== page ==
Pennsylvania Students and Parents Ask Lawmakers to Extend Loan Interest Rates
If no Congressional action is taken, the interest rate on subsidized Stafford Student Loans will double from 3.4% to 6.8% on July 1. A group including Pennsylvania students, parents, and the Pennsylvania Public Interest Research Group (PennPIRG), a non-profit, non-partisan, public interest advocacy organization, are calling on Pennsylvania Senators Bob Casey and Pat Toomey to take action to keep interest rates where they are now.
"An increase in the interest rate of federal student loans is a crippling blow to students who want to improve society by seeking a quality education, and this acts as an unnecessary barrier to the access of higher education," said Courtney Lennartz, student body president of Penn State.
The national average for student loan debt that a borrower carries at graduation is $25,000. In Pennsylvania, the average is $28,000. If the interest rate goes up, those with the loans are expected to pay an additional $1,000 each year over the life of the loan.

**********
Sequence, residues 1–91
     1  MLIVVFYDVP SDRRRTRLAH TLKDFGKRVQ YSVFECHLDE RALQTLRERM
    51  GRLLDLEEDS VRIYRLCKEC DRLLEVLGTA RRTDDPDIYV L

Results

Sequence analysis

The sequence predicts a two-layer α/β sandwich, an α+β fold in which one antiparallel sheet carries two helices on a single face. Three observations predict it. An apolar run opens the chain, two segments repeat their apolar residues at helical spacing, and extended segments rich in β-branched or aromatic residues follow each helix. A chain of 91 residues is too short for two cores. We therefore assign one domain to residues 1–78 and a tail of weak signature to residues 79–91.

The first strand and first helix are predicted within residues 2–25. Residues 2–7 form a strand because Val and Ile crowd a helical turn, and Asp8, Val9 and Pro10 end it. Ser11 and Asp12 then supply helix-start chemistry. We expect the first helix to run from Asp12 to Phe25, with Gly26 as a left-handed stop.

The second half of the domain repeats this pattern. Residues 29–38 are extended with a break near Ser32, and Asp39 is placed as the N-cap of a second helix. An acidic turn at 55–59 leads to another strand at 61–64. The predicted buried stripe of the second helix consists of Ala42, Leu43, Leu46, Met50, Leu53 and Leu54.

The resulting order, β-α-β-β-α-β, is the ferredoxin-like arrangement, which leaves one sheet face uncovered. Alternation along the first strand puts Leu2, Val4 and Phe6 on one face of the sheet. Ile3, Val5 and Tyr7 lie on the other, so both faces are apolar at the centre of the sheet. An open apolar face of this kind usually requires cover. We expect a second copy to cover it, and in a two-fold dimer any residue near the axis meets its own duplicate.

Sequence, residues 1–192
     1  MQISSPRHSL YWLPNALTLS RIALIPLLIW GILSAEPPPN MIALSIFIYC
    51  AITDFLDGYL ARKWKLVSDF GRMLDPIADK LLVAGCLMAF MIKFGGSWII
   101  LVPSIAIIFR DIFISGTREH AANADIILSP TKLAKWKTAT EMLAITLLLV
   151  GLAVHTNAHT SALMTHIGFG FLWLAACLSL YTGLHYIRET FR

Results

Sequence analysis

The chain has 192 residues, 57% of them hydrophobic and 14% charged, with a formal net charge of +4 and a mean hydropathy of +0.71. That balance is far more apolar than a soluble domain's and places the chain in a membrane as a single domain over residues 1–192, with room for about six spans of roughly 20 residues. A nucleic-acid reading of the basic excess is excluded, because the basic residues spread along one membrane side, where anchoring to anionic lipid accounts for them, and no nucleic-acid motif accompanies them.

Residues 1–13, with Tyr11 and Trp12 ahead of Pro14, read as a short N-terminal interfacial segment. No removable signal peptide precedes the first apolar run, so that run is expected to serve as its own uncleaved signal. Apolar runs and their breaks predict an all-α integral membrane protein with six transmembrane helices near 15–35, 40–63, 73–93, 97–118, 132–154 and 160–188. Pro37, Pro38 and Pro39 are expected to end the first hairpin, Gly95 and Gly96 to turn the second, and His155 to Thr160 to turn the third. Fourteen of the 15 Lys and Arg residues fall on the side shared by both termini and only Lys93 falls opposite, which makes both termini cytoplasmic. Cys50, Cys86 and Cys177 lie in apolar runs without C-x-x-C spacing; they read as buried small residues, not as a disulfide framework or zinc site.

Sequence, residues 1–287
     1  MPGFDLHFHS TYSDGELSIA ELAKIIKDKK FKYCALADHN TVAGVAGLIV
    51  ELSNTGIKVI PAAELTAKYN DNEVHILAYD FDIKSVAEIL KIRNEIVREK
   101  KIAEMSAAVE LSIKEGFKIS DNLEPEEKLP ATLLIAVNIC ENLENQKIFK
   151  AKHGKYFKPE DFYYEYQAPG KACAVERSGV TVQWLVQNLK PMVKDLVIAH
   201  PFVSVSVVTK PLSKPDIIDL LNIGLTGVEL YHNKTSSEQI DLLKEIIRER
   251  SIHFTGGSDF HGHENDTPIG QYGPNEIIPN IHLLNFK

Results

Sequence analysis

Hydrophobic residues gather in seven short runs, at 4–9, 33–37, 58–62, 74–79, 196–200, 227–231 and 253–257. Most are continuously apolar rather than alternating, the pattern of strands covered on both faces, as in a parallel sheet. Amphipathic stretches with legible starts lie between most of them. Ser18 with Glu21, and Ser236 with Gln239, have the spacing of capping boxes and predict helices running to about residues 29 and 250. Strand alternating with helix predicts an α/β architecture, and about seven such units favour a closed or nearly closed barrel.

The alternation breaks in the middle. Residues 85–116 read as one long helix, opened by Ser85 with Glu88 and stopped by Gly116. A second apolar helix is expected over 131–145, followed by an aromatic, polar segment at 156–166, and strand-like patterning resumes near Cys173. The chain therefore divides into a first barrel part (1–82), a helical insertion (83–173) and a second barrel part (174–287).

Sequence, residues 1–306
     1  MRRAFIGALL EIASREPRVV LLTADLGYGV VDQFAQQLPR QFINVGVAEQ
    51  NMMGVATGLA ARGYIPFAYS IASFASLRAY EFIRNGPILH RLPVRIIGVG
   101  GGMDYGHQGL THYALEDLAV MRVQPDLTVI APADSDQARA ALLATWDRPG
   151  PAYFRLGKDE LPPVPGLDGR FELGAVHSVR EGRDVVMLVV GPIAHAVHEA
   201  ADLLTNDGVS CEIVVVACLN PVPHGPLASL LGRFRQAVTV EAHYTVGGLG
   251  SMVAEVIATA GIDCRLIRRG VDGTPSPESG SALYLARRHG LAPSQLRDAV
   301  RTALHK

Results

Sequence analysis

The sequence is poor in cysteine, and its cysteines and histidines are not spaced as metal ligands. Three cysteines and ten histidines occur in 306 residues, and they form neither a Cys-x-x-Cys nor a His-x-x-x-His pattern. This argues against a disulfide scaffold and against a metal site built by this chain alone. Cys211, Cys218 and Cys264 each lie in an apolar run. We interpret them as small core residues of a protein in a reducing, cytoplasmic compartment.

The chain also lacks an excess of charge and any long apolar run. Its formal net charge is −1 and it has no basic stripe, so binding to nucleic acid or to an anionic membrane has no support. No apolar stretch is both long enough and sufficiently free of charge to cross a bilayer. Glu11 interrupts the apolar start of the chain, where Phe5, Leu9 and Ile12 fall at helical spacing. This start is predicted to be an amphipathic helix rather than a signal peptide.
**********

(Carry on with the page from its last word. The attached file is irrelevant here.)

"That translates into $396 million that otherwise would be going into the Pennsylvania economy, but instead would be going toward paying off debt," said Christine Lindstrom, higher education program director with PennPIRG.
Both Democrats and Republicans agree the interest rate on federal student loans should be kept low, but they haven't come to an agreement on how to pay for the extension. It will cost $6 billion to extend the lower interest rate for one year.
"Republicans have proposed taking money from a healthcare fund that was created out of the healthcare reform, which Democrats don't want to do. Democrats have proposed closing a corporate tax loophole, which Republicans don't want to do," said Lindstrom.
The Senate is scheduled to vote on the issue Tuesday.